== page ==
2 years ago I gave up video games for a year. Ever since that time in my life, there's been a twinge of guilt associated with my gaming time. There's so much I'd like to do with my life, how do I justify setting aside time to sit around playing in make believe worlds? Well, if you really wanna know...
5 Reasons Why I Game
1) Achieving Perfection
(Examples: New Super Mario Bros. Wii, Batman: Arkham Asylum and many, many others)
Just another day in the Mushroom Kingdom.
How many things in your life can you say you've perfected? I've been brushing my teeth for DECADES now, and I'd probably give myself a B, B+ tops in my tooth-brushing ability. But in how many games have I collected every coin, toppled every boss, and explored/conquered every square inch of land? Too many to count.
There's something incredibly alluring about a world that provides you a healthy challenge while also making it very clear you will catch that carrot if you put in enough time. It's like being able to live out Bill Murray's last repeating day in Groundhog Day, with a fraction of the time investment (and none of that silly personal growth and self-improvement business to get in the way of getting things done), and while it's also part of the reason people start and never stop playing game likes World of Warcraft, in small doses I think it's an encouraging experience.
2) Sharing Epic Experiences
(Examples: Resident Evil 5, Borderlands, New Super Mario Bros. Wii*)
You shoot him a lot in the face. I'll uh, do that too.
Another reason for WoW's appeal (and I have to stop reference that game soon, lest I rename this post "Why WoW is so addicting and why I can never, ever, allow myself to play it) is playing with others. Exploring a dangerous land with a party of computer controller AI that do as they're told and offer up nothing in the realm of personality is nothing compared to doing it with others.
Co-operative gaming with a friend or competent and non-racist player online is always more fun than going solo. The same goes for actual in-person gaming. These days I rarely get a night home to totally veg out and game alone, but I'll still go out of my way to plan game time with others who are interested.
3) Kicking Ass & Taking Names
(Examples: Halo: Reach, Street Fighter IV, Blur, Geometry Wars)
I miss being good at fighting games.
On the flip side, a little healthy competition is also good for the brain. I'm known to be a HIGHLY competitive gamer, which gets me my fair share of criticism from friends who don't see the point in taking any game too seriously, but COME ON ALREADY WHY ARE YOU EVEN GOING TO PLAY IF YOU'RE NOT GOING TO PLAY TO WIN??!??
There are moments, in down-to-the-last-kill Halo matches, Street Fighter matches where both players are one hit away from death, or heck, even a competitive chess match where at a certain point nothing in the world matters more than what's going on in the game at that moment, and you're firing on all cylinders mentally, and win (if you're me) or lose (if you're not) it's truly a wonderful feeling.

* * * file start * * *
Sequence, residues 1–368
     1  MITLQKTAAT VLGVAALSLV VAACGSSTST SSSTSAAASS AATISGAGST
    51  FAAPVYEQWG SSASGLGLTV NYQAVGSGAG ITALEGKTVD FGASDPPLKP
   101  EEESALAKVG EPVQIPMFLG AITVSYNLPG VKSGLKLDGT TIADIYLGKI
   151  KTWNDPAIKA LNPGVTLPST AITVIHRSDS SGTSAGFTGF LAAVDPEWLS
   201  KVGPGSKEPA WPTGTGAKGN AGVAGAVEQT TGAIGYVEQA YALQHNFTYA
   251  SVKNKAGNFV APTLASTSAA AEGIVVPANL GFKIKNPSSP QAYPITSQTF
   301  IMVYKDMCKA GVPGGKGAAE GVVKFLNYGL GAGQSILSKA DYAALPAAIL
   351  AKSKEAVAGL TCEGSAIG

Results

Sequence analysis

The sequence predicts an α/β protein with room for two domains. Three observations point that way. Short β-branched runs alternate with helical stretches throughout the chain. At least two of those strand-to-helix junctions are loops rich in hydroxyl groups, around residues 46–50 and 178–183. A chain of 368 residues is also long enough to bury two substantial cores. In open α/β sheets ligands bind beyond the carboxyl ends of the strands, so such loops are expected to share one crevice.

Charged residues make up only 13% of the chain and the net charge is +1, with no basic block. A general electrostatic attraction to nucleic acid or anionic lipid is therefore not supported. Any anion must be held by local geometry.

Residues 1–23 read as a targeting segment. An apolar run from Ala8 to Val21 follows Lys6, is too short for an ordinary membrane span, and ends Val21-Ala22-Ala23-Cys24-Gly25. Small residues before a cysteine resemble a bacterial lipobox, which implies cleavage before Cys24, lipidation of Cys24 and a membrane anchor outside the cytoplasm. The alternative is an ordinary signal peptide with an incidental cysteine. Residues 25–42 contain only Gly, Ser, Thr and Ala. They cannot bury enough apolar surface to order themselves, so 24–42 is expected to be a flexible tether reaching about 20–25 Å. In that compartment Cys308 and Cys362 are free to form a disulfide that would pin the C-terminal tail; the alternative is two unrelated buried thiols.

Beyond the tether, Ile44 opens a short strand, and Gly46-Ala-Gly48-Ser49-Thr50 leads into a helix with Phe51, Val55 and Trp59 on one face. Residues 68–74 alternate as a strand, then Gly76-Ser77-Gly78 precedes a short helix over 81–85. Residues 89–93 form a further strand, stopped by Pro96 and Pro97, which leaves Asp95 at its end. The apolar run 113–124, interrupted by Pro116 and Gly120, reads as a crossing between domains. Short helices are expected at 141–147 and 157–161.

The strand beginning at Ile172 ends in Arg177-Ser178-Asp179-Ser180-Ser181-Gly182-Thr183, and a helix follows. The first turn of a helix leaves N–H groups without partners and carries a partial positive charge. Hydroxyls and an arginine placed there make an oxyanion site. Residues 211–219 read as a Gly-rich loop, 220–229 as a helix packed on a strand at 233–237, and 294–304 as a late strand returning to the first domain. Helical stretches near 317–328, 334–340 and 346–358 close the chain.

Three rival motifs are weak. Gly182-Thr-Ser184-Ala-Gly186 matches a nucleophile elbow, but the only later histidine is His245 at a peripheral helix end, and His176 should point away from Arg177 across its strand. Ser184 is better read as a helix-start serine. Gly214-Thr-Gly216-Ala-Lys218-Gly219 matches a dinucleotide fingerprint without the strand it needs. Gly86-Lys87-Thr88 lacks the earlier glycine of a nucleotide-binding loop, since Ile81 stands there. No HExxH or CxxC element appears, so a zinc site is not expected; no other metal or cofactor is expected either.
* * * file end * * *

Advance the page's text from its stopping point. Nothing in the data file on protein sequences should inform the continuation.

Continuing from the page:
4) Appeasing the Professor (Solving the Puzzle)
Examples: Professor Layton, Limbo, Machinarium, Picross 3D
I give up. Let's just get the plastic explosives and be done with it.
I've met exactly one person in my life who claimed to never have done or been interested in puzzles, and she described it as a big life regret. I think we're wired as humans towards solving puzzles - whether it be the ones we encounter day to day in our lives, or the ones we choose to do on our phones or in our newspapers when we have a spare moment.
Great puzzle games have a collection of great stumpers that make you rack your brain for a few minutes before letting you come to that "aha!" moment that makes it all worthwhile. To quote the great Professor Layton: "Nothing satisfies like a puzzle solved."
5) Choosing Your Own Adventure
Examples: Mass Effect 2, Dead Rising 2
I choose to remove that bra, and accept all that will follow this decision.
One of the best new developments in gaming that is custom tailored to the medium is player-controlled (or at least, partially controlled) storytelling. Letting players make decisions that affect the way the story plays out is an incredibly compelling (if totally a bitch to program, as I'm sure it is) function. And while this device is still in its infancy, the potential for it is endless, and it may be where video game storytelling eventually carves out its own special niche.
There's something really cool about knowing the story of Mass Effect that you played is (theoretically) entirely unique to you, and it makes the whole experience much more personal. Sure, we're all gonna save the galaxy at some point, but the 'how's' and 'why's' belong to us. And hearing stories of the decisions other players made, and the consequences of them are equally fun as well. I can't wait to see how this trend develops over time.
Day 1 complete! I may have some more of these for tomorrow, but then after that, I'll have a new topic for sure. These will also, in general be much shorter, as I won't always have a full hour or so to write one. And I'll probably be thinking of these day of as well, which is a little scarier, but also another part of the experiment, since I tend to plan more than I need to with my writing.
PS: 5 More reasons listed here.
*In theory. Just don't suck, ok?